Showing 276 - 300 of 3,574 comments found
Kudos to a local preservation group that has provided the funds to enable this nearly century-old little gem to move into the age of digital projection: View article
According to this article, Rave will operate the theater until January 2013, at which time a new operator will temporarily close it for renovations. Other sources suggest the new operator may be Carmike, which is reportedly looking at other Rave locations that it did not earlier acquire in 2012.
Pictures of he Castle Theatre can be seen here and here.
The theater has converted to digital projection and tossed out its 35mm equipment: View article
I would not be surprised if this theater either becomes a discount house or closes entirely when the new theater opens. As a small independent operation, the owners may well be facing the challenge of going digital and making other upgrades that the new Kenner theater will have from the get-go.
Apparently, the effort to lineup a new operator and get the theater open again is being renewed: View article
There is a picture of this drive-in’s screen and an aerial photo of its location on its page at Drive-ins.com.
According to this website, the this drive-in was known as the Cascades, opened in 1946, and had an 800 car capacity.
Here are some photographs of the Lougheed Drive-in from HistoricBurnaby.ca: 1, 2, 3, (showing storm-damaged screen in 1962) and 4 (showing a swap meet in 1974).
An article about the sale of the Andover Cinema to CEC can be read here.
The Castro installed its first digital projector in 2009. The Castro remains capable of showing film in many formats, including 70mm.
The showing of “Love with Proper Stranger” was part of of a tribute to Natalie Wood series of films and it is possible that a good quality 35mm print was unavailable (something that, sadly, is going to be increasingly the case) and perhaps the Castro felt it was better to project a DVD version rather than totally disappoint patrons since the event had been publicized for at least a month prior.
A few pieces of memorabilia from this drive-in van be seen on its gallery page at Drive-ins.com.
According to its entry at Water Winter Wonderland, this theater was also known as the the Superba and the Gem (not to be confused with the later Gem Theater on Corunna Road.).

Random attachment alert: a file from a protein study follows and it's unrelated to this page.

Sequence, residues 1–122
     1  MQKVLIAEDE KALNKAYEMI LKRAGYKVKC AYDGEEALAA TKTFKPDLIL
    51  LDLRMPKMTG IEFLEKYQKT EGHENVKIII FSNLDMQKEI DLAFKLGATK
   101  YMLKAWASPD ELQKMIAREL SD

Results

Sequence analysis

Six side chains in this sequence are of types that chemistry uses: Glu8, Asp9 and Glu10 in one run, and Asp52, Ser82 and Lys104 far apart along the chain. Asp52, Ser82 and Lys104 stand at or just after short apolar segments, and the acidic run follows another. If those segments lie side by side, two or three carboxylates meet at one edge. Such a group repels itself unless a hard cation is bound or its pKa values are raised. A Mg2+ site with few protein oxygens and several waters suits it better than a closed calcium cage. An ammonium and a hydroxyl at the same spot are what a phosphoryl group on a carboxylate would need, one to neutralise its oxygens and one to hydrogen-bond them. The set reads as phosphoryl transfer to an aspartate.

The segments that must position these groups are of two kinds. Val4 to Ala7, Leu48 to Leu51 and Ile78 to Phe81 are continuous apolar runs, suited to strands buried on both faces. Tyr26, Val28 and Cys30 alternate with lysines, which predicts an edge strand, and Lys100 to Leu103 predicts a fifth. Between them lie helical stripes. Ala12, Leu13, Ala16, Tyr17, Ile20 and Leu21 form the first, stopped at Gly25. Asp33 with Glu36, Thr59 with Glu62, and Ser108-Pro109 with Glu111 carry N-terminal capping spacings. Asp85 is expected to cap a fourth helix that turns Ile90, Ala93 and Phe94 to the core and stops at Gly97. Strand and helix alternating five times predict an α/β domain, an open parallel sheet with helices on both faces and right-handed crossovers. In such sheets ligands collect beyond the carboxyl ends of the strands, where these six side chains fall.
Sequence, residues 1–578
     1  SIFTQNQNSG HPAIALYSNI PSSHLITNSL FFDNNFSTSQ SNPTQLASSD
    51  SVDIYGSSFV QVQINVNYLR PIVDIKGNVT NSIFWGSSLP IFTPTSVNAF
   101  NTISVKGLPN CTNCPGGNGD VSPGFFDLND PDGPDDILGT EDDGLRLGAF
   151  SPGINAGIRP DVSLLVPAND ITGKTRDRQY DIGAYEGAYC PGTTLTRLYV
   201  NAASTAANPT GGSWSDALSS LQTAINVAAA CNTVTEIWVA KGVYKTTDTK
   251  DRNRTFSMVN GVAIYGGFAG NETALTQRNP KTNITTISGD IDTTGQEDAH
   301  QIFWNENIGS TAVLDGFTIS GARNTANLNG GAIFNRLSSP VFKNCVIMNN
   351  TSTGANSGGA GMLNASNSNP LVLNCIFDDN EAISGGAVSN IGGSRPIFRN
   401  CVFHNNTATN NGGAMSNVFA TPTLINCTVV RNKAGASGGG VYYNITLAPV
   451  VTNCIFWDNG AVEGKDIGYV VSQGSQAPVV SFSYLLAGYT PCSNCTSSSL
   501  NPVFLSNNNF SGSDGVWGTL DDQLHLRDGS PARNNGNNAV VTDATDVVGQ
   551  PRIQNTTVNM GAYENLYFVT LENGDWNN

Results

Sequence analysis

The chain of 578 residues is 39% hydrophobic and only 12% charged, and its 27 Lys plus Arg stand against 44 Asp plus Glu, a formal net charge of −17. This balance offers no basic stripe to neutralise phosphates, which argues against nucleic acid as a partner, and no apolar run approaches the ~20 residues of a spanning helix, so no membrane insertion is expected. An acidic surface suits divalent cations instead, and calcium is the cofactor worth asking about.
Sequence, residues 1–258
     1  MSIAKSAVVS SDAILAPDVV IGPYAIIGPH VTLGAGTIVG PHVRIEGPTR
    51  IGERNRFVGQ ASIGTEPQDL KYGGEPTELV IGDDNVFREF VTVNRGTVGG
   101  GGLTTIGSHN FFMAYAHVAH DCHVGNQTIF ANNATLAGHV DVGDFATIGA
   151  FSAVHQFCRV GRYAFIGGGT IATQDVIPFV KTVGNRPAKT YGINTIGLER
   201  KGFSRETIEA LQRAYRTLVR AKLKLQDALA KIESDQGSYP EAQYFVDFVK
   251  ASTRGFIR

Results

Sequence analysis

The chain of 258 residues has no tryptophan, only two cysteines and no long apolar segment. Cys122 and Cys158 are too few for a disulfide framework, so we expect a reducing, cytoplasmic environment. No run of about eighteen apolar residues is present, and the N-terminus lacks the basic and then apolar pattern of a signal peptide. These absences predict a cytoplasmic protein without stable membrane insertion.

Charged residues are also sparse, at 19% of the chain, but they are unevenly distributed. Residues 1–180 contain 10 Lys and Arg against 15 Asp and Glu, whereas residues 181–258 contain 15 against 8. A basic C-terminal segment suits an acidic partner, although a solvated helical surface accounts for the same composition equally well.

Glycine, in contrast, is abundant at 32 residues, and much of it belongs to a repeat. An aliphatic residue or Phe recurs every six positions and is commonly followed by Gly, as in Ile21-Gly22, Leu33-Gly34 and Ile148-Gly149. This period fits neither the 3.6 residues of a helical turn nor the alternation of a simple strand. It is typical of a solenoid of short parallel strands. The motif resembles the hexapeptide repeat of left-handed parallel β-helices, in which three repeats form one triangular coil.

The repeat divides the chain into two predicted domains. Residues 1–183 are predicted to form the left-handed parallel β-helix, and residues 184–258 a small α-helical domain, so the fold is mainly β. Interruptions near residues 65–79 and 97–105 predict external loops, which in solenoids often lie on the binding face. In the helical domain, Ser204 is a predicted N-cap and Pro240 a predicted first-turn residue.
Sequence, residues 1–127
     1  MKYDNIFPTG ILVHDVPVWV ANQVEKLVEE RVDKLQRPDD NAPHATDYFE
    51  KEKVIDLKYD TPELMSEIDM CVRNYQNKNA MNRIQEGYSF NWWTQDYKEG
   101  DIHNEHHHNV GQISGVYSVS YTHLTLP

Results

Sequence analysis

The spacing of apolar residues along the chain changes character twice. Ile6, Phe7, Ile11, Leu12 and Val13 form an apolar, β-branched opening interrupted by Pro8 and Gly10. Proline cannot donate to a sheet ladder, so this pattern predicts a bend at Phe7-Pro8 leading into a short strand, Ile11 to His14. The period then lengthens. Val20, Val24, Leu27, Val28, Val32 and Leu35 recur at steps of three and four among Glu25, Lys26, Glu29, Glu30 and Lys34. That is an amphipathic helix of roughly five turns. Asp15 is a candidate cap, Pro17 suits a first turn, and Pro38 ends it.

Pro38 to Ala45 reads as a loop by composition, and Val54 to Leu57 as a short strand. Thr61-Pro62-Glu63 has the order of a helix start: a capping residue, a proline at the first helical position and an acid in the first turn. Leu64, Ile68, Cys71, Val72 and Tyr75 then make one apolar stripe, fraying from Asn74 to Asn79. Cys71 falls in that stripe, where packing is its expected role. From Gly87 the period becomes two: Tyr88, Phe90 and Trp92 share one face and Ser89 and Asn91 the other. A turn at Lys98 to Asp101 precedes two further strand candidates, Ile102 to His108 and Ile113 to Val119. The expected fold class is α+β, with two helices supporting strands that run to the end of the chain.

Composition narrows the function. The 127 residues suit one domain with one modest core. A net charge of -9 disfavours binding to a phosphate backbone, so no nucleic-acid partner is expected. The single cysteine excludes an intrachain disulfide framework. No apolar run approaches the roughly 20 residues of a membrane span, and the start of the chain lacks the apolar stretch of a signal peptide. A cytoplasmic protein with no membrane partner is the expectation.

The Esquire is celebrating its 101st birthday. View article
This theater has been closed since the middle of August, 2012, but a student is leading the charge to update its technology and get the theater reopened. View article
A painting of the vanished Paramount Theater can be seen here.
A slideshow of pictures of this Giant Screen theater can be seen here.
According to this theater’s entry at Water Winter Wonderland, this theater was once known as the State. However, according to CinemaTour, the State was on Kaiser Street. The Rivest List indicates that the State in Pinconning was open from 1935-1955 but gives no further information.
In reference to bigjoe59’s comment: the impression I get from a number of news stories about “The Hobbit” in 48 fps is that while Peter Jackson is enthusiastic about the results of filming at the higher frame rate, Warner Bros. is being more cautious which is why the release of the 48 fps version is being limited.
Just as a significant number of patrons of late are less impressed with 3-D than they once were, Warners is probably wondering if it audiences will really perceive something really different, and is regarding this release as a kind of marketing test. I think their caution is also reflected in the decision not to add an upcharge to ticket prices for the 48 fps showings beyond that customarily charged by a theater for 3-D showings.
An article about the theater’s closing can be read here.
According to the information accompanying this continuously updated list of theaters that will be showing the film at 48 fps, the 2-D showings will not be shown at the higher frame rate.
This website provide sadditional historical detail about the Bergen Airdome and includes a picture of the interior with its canvas roof.
The theater was born as the Old Trail Theater, not “Trails.” Here is a small photograph.
There is additional history and an old advertisement for the Best Theater on this webpage.
This Google Books preview includes pages detailing the history of this theater with pictures: scroll down to view pp. 25-27.